A US District Court decision of 4 August 2017 reduced the chances of patenting diagnostic methods. This decision illustrates well the challenges of applying for a patent on medical devices for diagnostic methods in the USA and EU.
The chances of obtaining patent on diagnostic methods lost ground yet again when a US District Court rendered its decision on 4 August 2017 in the lawsuit between the pharmaceutical company Athena Diagnostics inc. (Athena) and the laboratory testing company Mayo Medical Laboratories (Mayo).
Under the patent legislation of most countries, it is not possible to obtain a patent on certain inventions, such as inventions merely constituting an abstract concept, a mathematical method or a discovery. In Denmark, a “discovery” is defined as the recognition of something that already occurs in nature, even if it has not yet been described by anybody. The USA is among the few countries in the world in which diagnostic methods are not per se exempted from forming the basis of a patent application.
The case in brief
The lawsuit was filed by Athena against Mayo for infringing Athena's patent on a method for diagnosing patients with the autoimmune disorder Myasthenia Gravis. Along the way, however, focus changed, questioning whether Athena's patent was valid at all. As it was, Mayo countered the infringement claim arguing that the patent was directed to the recognition of a natural phenomenon, that is something that already occurs in nature (a discovery), and that no new useful technique had been documented. In brief, the patented method was used for attaching a radioactive label to a receptor – characteristic of 20% of Myasthenia Gravis patients – and adding body fluid. If antibodies attacked the receptor, this was an indication of the patient suffering from the disorder.
The US District Court concluded that the method could not be patented as the invention described a discovery and as the process of detecting antibodies, according to its description, was not new (which was also infered from the patent application itself).
The lawsuit is the latest in a series of US court decisions since 2012 in which patents on diagnostic methods have been found invalid with reference to the basis for the patent applications being a natural phenomenon (a discovery) void of any novel useful concept.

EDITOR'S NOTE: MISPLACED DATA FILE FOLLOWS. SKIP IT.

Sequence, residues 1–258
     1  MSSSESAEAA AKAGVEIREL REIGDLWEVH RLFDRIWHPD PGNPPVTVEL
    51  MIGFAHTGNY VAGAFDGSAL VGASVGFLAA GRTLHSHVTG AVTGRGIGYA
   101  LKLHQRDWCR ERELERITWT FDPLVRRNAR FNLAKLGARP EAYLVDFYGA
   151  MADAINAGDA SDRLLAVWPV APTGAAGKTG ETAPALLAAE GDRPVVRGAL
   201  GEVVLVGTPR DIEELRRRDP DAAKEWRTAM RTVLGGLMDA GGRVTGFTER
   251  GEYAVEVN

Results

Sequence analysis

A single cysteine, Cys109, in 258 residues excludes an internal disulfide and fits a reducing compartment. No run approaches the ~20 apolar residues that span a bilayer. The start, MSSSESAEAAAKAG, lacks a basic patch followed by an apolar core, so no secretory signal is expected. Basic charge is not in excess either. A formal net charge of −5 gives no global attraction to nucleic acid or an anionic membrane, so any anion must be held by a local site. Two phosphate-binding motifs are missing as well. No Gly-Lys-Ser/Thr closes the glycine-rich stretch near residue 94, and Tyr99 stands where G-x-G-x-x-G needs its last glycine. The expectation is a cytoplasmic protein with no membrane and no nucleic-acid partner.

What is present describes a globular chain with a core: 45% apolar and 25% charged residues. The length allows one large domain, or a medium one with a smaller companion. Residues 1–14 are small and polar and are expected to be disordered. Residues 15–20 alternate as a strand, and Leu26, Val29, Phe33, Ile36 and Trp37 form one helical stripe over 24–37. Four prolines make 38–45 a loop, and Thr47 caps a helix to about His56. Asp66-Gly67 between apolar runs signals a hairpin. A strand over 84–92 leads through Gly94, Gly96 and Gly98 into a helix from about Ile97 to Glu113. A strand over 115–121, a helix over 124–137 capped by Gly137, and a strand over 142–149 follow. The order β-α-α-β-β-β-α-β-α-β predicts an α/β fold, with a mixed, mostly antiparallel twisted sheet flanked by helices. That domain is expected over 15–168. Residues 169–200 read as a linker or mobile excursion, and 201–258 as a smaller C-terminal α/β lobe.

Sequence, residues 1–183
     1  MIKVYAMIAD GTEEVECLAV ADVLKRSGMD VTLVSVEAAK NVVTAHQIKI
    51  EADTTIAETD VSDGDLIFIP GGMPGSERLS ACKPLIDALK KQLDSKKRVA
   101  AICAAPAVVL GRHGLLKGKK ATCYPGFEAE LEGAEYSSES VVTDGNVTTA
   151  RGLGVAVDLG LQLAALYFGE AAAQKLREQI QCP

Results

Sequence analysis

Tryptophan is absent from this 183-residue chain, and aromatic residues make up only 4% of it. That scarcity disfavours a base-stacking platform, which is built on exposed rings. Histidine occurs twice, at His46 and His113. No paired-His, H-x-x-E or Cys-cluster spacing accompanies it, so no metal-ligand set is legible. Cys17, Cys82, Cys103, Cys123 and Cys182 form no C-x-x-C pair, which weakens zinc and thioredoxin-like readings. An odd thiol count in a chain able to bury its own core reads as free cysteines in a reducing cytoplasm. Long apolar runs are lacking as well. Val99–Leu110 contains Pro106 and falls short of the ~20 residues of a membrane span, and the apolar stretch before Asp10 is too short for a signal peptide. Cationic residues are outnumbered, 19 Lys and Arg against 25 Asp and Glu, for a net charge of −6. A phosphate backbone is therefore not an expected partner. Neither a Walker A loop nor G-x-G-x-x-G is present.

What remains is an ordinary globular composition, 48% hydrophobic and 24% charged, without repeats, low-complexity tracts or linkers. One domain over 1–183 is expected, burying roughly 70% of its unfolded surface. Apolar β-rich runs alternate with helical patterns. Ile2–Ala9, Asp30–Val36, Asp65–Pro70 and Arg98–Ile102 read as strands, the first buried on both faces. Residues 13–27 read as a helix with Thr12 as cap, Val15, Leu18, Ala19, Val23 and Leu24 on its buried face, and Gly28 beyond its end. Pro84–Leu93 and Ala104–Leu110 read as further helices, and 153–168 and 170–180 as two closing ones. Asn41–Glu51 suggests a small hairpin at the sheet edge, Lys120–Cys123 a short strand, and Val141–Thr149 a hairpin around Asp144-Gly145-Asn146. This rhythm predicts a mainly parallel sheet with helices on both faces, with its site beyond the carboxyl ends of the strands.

Patents in EPO and Denmark
The patent systems of the EPO and Denmark distinguish themselves from the US system in that therapeutic treatment or diagnostic methods do not constitute inventions that may be patented. However, the definition of a "diagnostic method" is quite narrow, often making it possible – to put it simply – to obtain a patent by choosing and using the proper wording in a patent application. The European Patent Convention lays down that a diagnostic method includes all four steps stated below:
- An examination phase, involving the collection of data.
- A comparison of these data with standard values.
- The finding of any significant deviation, i.e. a symptom, during the comparison.
- The attribution of the deviation to a particular clinical picture.
If the diagnostic method does not include all the steps, the invention will not be excluded from the Convention's exceptions to patentability in respect of diagnostic methods.
Comments by Bech-Bruun
In the USA, the grant of a patent depends first of all on whether the invention is a new and useful process, machine, manufacture, or composition of matter, or any new and useful improvement thereof, which is not just a law of nature, physical phenomena, or an abstract idea. In some circumstances, we have seen applications where one or all the patent claims were rejected because their subject matter was directed to medicinal correlations (discovery of a physical phenomena) without establishing any new useful method, process or the like.
The requirements for obtaining a patent with the EPO and in Denmark are in many ways similar to those applying in the USA. In these latitudes, however, European laws also lay down that patents cannot be obtained on methods for treatment or diagnosis of the human body. Consequently, other things being equal, it seems less probable obtaining a patent with the EPO and in Denmark if the invention pertains to medicinal correlations since such correlation supposedly always constitutes (part of) a diagnosis or a treatment.
Paradoxically, however, we have seen several instances of applications for patents on diagnostic methods and treatments being rejected in the USA while granted by the EPO. Accordingly, and unsurprisingly perhaps, it may prove an advantage for the applicant to phrase the patent applications to match and satisfy the various authorities' patentability requirements even though the applications concern the same subject matter. In the USA, it may be necessary for the applicant to include as many details as possible in the application to ensure that the subject matter of the claimed invention distinguishes itself from discoveries and existing inventions. The EPO does not exercise the same restrictive approach of distinguishing an invention from discoveries. Instead, however, the applicant will have to make sure that the invention is not categorised as a diagnostic method, the description of which includes all of the four steps from examination, collection and testing of data to the attribution of the deviation to a particular clinical picture.